Category Archives: ROM

Great Whales at the Royal Ontario Museum

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The sperm whale Alulgwet is the first of three skeletons visitors encounter.

This past weekend, I had an opportunity to visit the Royal Ontario Museum, checking another North American natural history museum off my bucket list. There’s plenty to say about the ROM, but I’d like to focus on Great Whales: Up Close and Personal, a temporary exhibition that opened this summer. Great Whales is, in a word, magnificent. It is among the very best natural history exhibits I’ve seen in recent years—no small feat given that much of its development occurred in the midst of the ongoing pandemic.

An exhibit is a story told through physical space, made up of words, objects, images, sounds, and experiences. Great Whales leverages all of these tools to not only immerse visitors in the multi-faceted world of giant whales, but also evoke feelings of awe, reverence, and humility. More than any exhibit or wildlife documentary in recent memory, Great Whales captures the humbling effect of real encounters with the natural world. 

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Displayed at eye level, the scale of this blue whale—80 tons in life—is particularly apparent.

The presence of three real whales is a major part of this. The colossal skeletons of a sperm whale, a blue whale, and a right whale dominate the space, but they are introduced as individuals, rather than specimens. They each have a name and a story: for example, the right whale Alasuwinu was found dead on Epekwitk/Prince Edward Island in 2017. Scientists had tracked this adult male for many years and he had survived a number of close calls with fishing nets, but he ultimately perished after being struck by a boat.  

The ethereal atmosphere of the exhibition is also powerful. The whale skeletons are bathed in a blue glow, casting mesmerizing shadows on the walls and ceilings. Sounds of the ocean—including whale songs—can be heard throughout. In one corner, the whale songs are played at their true volume, which is loud and deep enough to feel in your bones. It’s hard not to imagine sailors from centuries past lying awake at night and hearing those eerie rumbles through the hulls of their ships.

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Visitors can step inside the baleen-laden jaws of this replica skull.

However, I think the exhibition’s biggest strength is that it is told through multiple voices. One of those voices is the standard, omniscient museum voice, through which we learn about the biomechanics of hearts and lungs on a massive scale, as well as the evolution of whales (which could be an exhibit all its own). We also hear from scientists, including ROM mammalogy technician Jacqueline Miller. In one video, Miller recounts the experience of breaking down the blue whale (named Blue), which was found trapped by shifting ice in 2014. She describes the overpowering stench and the overwhelming amount of gore, but also the excitement of turning a tragedy into an opportunity to learn something new and maybe help other whales in the future.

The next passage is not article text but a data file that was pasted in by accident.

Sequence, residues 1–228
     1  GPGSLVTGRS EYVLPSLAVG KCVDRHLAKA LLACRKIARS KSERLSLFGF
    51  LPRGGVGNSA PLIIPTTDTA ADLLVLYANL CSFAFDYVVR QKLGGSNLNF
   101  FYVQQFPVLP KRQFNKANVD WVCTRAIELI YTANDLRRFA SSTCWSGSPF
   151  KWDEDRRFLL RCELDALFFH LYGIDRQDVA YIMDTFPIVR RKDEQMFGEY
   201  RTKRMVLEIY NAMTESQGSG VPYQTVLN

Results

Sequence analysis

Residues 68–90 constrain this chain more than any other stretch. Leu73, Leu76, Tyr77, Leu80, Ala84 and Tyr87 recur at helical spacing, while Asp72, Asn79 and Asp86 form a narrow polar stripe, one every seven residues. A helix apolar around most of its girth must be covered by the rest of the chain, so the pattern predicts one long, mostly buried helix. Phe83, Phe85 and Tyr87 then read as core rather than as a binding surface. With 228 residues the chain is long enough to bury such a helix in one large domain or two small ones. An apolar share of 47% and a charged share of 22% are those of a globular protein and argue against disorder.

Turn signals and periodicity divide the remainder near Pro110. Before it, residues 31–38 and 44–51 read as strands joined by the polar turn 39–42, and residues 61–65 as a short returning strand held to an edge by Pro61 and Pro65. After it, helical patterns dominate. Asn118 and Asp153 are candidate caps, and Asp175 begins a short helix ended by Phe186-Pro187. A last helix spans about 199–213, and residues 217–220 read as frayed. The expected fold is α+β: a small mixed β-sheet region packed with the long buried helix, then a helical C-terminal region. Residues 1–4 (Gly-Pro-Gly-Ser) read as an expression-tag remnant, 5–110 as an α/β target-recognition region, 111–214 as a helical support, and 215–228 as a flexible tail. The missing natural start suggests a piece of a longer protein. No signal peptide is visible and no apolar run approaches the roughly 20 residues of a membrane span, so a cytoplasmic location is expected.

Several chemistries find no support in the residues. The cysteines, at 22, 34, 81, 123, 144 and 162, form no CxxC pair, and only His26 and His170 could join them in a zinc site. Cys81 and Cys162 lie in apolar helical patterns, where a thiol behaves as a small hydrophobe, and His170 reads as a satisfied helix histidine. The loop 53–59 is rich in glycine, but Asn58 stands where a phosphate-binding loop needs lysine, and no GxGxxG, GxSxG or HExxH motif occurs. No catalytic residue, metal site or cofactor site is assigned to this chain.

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The evolution section includes skeletons of Pakicetus, Ambulocetus, Kutchicetus, and Dorudon.

Most unique to a science exhibition like this one is the recurring presence of Indigenous Elders, artists, and storytellers. Wolastoq artist and cultural educator Possesom Paul describes whales as ancient partners of humans—powerful, mysterious, but also vulnerable. In two areas of the exhibit, we hear Passamaquoddy Elder Maggie Paul singing the song All My People, which honors the whales. As a non-Native person, I felt privileged that these perspectives were being shared with me. These ways of knowing do not conflict with the scientific ones—instead, they complement one another and provide visitors with more pathways to connect with the exhibition content.

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The remaining North Atlantic right whale population, visualized.

Traditional and scientific perspectives converge in the exhibit’s conservation message. Choice statistics make the plight of whales in the industrialized world particularly stark. I’ve been unable to forget one infographic informing me that 10% of the right whale population has died since 2017—equivalent to losing every person in North and South America. Another graphic illustrates how precious each individual whale is: a wall of polaroid photos introduces us to most of the 300-some right whales alive today. 

Great Whales is poignant, thought-provoking, and often beautiful, representing the best of what a natural history exhibit can be. It will be on display at the ROM until March 2022. It’s unclear if it will travel after that, but I very much hope it does. 

 

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